From the Designer’s Desk: Roy Brooks
Our March 2015 edition of From the Designer’s Desk is a delightful tour through successive iterations of design for a new book entitled Diego Rivera and Frida Kahlo in Detroit, which we are honored to distribute for the Detroit Institute of Arts (the book accompanies an exhibition of the same name, currently on view at the museum). The book’s designer, Roy Brooks of Fold Four, Inc. takes us from version A, to version B, and finally to version C, the stunning final design for the book.
I was honored to be selected to design the catalogue for the Detroit Institute of Arts’ Diego Rivera and Frida Kahlo in Detroit exhibition. This survey is an in-depth look at the brief period the couple spent in the city, which yielded one of the triumphs of Rivera’s career, the Detroit Institute Murals. At the same time, the experience was an emotionally and physically trying one for Kahlo, whose own artwork, fueled by her misery, would years later reach wide acclaim.
The book was structured less like a traditional art book (essays followed by a plate section), and more like a storybook, with plates and comparative illustrations spread throughout each essay. Given this narrative focus, I wanted the book to feel more akin to an exciting, clothbound novel you might pull off a library shelf rather than an oversized and glossy coffee table book. As a result, I focused on smaller trim sizes, as well as binding materials that would lend the book a sense of warmth and immediacy.
Following are the three distinct design schemes that I developed for the project:
This version features a three-piece binding, with paper over board covers and a yellow cloth spine. The antiseptic greenish-blue is intended to evoke Kahlo’s anguish during this time due to her own health issues as well as the recent death of her mother. Yellow, symbolic of their native Mexico and/or the more gregarious Rivera, acts as a vibrant contrast.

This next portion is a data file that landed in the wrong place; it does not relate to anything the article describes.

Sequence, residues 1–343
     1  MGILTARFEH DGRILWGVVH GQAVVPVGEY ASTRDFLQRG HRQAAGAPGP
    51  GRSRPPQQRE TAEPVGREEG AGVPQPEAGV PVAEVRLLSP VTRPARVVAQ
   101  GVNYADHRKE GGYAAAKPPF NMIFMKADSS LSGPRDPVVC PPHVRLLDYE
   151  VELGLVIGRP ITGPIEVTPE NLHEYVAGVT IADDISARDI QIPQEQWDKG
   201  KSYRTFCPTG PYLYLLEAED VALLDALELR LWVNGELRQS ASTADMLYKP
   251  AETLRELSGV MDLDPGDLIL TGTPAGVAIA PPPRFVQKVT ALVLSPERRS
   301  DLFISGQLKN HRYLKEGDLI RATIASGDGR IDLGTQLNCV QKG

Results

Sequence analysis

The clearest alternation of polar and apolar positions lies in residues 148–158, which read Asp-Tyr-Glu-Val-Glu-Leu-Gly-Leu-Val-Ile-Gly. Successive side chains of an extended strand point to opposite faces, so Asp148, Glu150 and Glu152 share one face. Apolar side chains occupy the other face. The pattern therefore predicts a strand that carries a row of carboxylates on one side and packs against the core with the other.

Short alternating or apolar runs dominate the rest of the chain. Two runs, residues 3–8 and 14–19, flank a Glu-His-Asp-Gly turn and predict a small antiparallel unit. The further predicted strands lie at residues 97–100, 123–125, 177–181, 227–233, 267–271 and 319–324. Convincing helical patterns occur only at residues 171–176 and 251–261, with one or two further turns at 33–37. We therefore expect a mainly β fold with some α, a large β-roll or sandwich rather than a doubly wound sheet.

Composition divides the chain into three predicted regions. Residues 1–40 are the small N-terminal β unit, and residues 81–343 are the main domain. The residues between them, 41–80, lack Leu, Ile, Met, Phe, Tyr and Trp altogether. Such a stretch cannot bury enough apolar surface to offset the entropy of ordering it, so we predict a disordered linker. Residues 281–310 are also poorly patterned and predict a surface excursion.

Essay title pages are on the recto page, and mimic the cover treatment. A two column layout yields the greatest number of words per page of the three versions.
This scheme features a cloth, hardcover binding, with foil stamped title and a tipped-on cover image. The featured snapshot shows an intimate moment between Rivera and Kahlo, and suggests a privileged viewpoint into their lives.
The endpapers showcase halftone photos of Ford’s River Rouge plant, a technological marvel that inspired much of the imagery Rivera developed for the murals.
The photo album quality of the cover is carried through to the interior of the book, with photographs ganged up on tinted pages. Plates are distinguished by being treated in a more traditional manner, floating on the white page.
This final version is the scheme ultimately chosen by the Museum for implementation. It features a printed cloth binding with rounded spine. The totemic title type plays up the iconic nature of these well-known names. The type strives for monumentality, much like the murals that brought Diego and Frida to Detroit in the first place. This central axis is reprised throughout the book, from essay title treatments to captions, headers, and folios.
The yellow and red color palette is derived from Rivera and Kahlo’s longtime affiliation with the communist party. Also proposed was an alternate, type-only version of the cover, stamped on yellow cloth.
The golden section, used extensively by Rivera in his design of the murals, is utilized as the basis for the page grid inside the book. This grid dictates the placement of the essay text within the page, as well as the three widths of figures throughout. The figures were originally proposed as sepia-toned, while a warm reddish-orange is used as a typographic accent color.
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